Interaction between drugs and foods

Published on Editorials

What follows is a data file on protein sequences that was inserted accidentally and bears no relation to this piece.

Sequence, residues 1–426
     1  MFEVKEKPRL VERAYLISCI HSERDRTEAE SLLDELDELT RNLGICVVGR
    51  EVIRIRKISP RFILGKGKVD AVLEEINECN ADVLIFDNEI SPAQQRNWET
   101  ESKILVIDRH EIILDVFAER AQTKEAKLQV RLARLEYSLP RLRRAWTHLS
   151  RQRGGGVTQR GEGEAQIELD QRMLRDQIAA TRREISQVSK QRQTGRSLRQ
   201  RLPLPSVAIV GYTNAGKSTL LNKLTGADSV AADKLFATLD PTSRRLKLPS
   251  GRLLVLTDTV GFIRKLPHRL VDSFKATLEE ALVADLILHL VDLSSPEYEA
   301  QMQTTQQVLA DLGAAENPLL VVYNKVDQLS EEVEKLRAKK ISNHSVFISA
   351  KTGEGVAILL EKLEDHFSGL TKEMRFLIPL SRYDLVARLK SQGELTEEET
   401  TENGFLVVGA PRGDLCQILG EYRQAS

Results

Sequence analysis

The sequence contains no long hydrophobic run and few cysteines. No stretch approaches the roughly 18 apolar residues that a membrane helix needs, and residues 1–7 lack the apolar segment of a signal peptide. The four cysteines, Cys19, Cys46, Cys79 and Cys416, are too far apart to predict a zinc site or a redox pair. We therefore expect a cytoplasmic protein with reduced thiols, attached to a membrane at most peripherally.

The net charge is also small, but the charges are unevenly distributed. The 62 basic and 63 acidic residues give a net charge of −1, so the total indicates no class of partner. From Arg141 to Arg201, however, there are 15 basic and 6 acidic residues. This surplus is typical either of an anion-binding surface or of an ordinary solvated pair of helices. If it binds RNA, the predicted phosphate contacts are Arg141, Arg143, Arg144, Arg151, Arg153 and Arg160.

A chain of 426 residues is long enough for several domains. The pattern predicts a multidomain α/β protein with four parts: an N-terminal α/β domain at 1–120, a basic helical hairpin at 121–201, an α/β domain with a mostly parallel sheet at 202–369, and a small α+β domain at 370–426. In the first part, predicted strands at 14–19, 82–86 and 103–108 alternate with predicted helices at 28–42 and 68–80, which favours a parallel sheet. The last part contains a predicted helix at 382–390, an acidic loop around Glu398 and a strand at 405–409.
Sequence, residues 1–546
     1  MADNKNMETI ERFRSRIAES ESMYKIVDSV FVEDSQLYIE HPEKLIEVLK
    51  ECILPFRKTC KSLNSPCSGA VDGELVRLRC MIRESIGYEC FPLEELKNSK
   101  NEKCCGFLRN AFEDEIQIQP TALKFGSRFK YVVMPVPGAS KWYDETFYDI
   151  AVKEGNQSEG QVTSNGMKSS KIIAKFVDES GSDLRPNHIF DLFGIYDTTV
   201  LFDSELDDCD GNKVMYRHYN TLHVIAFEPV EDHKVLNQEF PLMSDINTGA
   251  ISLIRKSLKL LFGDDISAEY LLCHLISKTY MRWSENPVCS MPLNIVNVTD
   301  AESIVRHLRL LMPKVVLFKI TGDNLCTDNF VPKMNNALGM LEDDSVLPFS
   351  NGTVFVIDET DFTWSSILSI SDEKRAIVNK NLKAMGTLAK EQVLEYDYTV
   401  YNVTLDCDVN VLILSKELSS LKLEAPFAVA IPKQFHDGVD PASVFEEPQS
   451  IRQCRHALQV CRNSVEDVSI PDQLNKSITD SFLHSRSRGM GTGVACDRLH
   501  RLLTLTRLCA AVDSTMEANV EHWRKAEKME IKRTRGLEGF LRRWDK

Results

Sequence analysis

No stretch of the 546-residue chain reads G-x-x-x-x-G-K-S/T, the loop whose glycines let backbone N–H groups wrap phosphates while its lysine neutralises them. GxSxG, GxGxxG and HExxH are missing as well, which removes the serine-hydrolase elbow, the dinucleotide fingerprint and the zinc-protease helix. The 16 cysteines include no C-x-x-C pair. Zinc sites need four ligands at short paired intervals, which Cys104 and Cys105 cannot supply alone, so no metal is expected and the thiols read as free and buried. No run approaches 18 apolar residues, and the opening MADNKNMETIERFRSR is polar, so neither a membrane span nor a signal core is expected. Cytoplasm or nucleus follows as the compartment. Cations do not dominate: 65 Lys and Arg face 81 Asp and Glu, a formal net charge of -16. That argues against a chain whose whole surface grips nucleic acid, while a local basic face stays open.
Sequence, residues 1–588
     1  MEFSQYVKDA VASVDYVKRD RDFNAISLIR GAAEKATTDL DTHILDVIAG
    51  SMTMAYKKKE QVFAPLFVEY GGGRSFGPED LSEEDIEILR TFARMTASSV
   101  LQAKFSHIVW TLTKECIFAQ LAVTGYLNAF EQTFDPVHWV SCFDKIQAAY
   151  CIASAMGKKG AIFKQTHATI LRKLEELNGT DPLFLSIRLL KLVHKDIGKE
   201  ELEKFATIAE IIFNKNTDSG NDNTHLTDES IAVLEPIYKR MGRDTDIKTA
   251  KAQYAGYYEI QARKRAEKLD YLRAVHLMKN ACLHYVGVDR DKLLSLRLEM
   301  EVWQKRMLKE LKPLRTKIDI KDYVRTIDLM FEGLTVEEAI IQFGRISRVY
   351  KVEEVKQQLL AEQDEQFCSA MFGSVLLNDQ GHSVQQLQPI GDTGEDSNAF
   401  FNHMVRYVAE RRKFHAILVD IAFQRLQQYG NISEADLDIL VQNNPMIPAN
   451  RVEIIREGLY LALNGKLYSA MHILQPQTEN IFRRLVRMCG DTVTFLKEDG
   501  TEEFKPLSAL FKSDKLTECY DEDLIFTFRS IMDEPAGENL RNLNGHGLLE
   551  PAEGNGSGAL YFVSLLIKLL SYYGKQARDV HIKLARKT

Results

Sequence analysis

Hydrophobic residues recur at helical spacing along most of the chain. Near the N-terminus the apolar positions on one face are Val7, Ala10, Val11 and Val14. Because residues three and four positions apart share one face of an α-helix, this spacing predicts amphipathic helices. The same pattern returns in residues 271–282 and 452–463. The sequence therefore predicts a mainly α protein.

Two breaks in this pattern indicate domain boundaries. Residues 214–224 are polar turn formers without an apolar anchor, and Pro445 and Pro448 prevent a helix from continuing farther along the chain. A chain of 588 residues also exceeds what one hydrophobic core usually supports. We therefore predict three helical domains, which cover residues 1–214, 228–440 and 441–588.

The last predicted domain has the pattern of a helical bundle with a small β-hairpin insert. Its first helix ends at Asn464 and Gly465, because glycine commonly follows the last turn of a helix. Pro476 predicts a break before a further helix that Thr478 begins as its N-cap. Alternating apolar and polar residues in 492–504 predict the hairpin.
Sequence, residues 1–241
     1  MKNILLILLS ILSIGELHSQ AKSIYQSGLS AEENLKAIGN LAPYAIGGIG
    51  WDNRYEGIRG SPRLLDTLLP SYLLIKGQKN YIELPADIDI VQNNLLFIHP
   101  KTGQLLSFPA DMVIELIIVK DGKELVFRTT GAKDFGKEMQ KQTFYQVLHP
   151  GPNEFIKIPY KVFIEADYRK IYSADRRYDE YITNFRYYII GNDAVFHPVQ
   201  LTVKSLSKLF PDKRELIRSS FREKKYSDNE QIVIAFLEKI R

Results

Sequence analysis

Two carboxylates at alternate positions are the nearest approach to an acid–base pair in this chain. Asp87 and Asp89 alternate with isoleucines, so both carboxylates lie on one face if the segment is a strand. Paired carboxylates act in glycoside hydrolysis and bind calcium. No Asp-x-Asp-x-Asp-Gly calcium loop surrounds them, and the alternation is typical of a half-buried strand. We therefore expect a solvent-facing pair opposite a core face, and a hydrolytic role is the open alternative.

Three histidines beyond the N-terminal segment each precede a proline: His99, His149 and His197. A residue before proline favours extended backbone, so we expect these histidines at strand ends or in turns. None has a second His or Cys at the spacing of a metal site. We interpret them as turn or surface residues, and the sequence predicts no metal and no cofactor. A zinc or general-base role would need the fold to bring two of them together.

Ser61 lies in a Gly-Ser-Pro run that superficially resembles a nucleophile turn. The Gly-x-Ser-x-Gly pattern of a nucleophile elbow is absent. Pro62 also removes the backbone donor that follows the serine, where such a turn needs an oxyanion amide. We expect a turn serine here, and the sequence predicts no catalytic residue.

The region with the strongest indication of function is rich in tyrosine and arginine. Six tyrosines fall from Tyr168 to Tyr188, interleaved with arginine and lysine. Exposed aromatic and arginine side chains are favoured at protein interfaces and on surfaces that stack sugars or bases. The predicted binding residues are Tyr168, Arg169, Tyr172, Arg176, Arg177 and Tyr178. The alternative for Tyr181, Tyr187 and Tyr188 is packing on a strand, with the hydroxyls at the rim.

One of the main factors hampering the development of drugs at the up-start of the scientific therapy era was the fear that it would be very difficult to control both the huge number of variables surrounding the pathologies, and the effects of the drugs themselves. However, so called «clinical observations in the field» made it possible to closely define, describe, and quantify the patients’ responses, with regards to both preliminary studies and population studies. When one drug alone is used, it is fairly easy to monitor its metabolic transformations since its primary effects or any side effects can be observed almost univocally, at least as far as its basic trends are concerned. Although it is true that identifying possible damage is not always easy, especially when the response is not what we expect, the benefit is far greater than the risk. The situation becomes even more complicated when two or more drugs are used simultaneously. Combined therapy with two or more drugs is far from rare, but unfortunately is often mandatory in order to cure or to improve the patient's health, as for example with hypertension, cardiac insufficiency, and tumor syndromes. In cases like these, facing the problems concerning the possible interactions of the drugs becomes a priority issue, since the overall outcome may be an increase or a decrease in the effects of one or more of the drugs. In other words, the effects may range from total inefficacy to full-blown toxicity. Some combined therapy schedules are so well standardized that the health risks are very low. While in other and far more frequent therapy schedules, combined treatments are fortuitous therefore making it important to identify and ascribe their interactions. Taking all these factors into consideration, together with the lack of feasible monitoring, the probability of mistakes or of possible damage caused by combined therapy is very high, and in view of the increasingly large number of new drugs that are placed on the market every year, the complexity and seriousness of some choices may only become more difficult. Furthermore, another problem which is closely connected to the previously mentioned issue is now arising, even though, to date, it has been limited to the academic field.